Highways Agency to feed TomTom up to date traffic information
The Highways Agency has reached agreement with TomTom to feed up to date traffic information from England’s motorways and major A roads into its sat nav services for road users.
The Highways Agency, which manages the 4,300-mile strategic road network, collects data on traffic flows from sophisticated monitoring equipment built into the road surface, backed up by CCTV and other sources.
This data, which is already provided to drivers through the Agency’s own channels, will be fed to TomTom for its High Definition Traffic Services and is expected to be particularly beneficial to families heading off on holiday over the next few months.
Roads Minister Mike Penning says: “Through our national traffic control centre, we source up to the minute traffic data from the motorways and other major roads we manage, and we want to get that information out to road users where and when they need it most.
“This agreement between the Highways Agency and TomTom is a good example of public and private sectors working together to assist road users and exploit today’s technology.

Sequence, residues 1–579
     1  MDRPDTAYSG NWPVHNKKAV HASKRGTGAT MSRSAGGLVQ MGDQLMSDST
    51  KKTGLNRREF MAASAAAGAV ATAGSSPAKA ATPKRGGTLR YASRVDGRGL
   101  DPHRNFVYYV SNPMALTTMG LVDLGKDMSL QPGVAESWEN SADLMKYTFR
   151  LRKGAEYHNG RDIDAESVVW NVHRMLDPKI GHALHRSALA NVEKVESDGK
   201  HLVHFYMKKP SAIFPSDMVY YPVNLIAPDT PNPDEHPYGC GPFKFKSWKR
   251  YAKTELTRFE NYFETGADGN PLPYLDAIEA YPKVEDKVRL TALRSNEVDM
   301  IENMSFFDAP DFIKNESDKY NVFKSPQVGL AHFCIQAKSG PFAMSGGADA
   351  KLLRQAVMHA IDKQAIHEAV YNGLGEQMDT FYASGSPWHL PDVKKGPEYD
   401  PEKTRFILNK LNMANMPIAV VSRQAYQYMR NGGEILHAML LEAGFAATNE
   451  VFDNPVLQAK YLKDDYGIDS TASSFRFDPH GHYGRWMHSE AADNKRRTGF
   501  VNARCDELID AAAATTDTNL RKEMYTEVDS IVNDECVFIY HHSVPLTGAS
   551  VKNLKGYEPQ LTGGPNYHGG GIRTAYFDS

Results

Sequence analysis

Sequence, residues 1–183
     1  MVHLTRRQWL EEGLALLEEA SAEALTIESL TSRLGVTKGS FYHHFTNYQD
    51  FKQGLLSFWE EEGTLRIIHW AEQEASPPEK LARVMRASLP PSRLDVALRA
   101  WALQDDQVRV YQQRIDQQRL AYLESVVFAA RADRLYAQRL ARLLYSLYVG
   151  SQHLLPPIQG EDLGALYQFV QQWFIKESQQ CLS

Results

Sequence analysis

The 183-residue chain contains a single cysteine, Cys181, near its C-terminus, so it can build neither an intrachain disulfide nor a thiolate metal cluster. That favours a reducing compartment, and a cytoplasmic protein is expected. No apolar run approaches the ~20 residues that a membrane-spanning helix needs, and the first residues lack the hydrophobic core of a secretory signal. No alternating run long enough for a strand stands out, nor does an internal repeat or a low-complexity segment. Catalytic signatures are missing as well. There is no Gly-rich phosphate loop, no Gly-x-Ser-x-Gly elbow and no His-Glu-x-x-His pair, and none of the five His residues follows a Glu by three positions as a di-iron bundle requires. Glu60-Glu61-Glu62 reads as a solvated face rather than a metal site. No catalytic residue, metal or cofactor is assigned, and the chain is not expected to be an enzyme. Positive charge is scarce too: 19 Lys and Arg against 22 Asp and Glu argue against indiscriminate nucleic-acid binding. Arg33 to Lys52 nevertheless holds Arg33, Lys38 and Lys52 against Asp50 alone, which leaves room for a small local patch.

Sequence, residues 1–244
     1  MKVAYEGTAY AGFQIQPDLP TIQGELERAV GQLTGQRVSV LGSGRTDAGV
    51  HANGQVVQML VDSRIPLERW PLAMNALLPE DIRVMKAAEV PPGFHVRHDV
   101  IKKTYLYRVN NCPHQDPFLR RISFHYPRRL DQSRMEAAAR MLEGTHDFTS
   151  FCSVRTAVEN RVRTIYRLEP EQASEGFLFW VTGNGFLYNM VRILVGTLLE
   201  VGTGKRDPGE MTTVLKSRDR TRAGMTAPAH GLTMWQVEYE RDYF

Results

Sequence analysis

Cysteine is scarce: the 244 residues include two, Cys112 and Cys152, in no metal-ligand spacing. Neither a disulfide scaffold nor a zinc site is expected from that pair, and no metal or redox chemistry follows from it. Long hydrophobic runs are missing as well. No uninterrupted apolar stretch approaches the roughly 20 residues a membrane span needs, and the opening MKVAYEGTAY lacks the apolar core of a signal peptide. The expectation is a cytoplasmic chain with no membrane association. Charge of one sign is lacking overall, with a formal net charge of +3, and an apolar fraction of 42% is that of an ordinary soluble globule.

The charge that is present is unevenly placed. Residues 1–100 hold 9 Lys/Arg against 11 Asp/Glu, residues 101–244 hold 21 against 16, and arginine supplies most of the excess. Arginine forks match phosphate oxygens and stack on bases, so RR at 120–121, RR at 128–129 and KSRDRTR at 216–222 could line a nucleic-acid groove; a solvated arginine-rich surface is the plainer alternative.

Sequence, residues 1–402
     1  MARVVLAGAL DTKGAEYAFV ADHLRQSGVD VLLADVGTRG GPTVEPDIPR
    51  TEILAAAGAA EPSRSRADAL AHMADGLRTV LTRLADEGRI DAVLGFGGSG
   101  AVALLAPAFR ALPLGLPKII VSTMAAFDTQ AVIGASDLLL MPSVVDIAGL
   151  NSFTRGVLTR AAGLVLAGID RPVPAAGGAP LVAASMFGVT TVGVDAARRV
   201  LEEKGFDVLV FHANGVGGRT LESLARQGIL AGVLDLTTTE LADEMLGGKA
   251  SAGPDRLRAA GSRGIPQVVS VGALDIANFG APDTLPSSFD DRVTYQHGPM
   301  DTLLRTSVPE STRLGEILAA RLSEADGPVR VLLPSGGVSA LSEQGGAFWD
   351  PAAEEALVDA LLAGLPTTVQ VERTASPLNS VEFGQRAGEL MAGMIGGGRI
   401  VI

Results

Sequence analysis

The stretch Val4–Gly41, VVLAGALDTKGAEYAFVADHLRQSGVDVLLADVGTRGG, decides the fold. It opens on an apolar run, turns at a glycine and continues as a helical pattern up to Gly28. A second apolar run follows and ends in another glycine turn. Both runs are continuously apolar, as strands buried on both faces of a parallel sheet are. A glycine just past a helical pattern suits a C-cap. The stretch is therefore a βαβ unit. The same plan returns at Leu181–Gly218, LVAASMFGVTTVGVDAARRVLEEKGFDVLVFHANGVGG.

“We work with third party organisations to get our information to as wide an audience as possible. We have also shared our information with GoogleMaps and the BBC who provide our traffic camera images so road users can check on the internet before they leave. We look forward to working with other partners in the future.”
The Highways Agency is an established traffic information provider, with its own live traffic updates fed through on platforms such as its own and third party websites, as well as feeding data to mobiles, iPhone, digital information screens and Twitter.
The Highways Agency provides its traffic information to TomTom in a Datex II format, which it helped develop as a European standard specifically for road data information exchange. The Agency data provides real-time traffic information and predictions based on past conditions, helping road users to plan their journeys to avoid congestion.
The data, provided by the Agency’s National Traffic Control Centre in Birmingham, is also used to populate the Highways Agency’s own website highways.gov.uk/traffic. Using this site, drivers can see current and predicted driving conditions, view what is currently being displayed on electronic motorway signs and even tell the average traffic speed between any two junctions on the motorway network.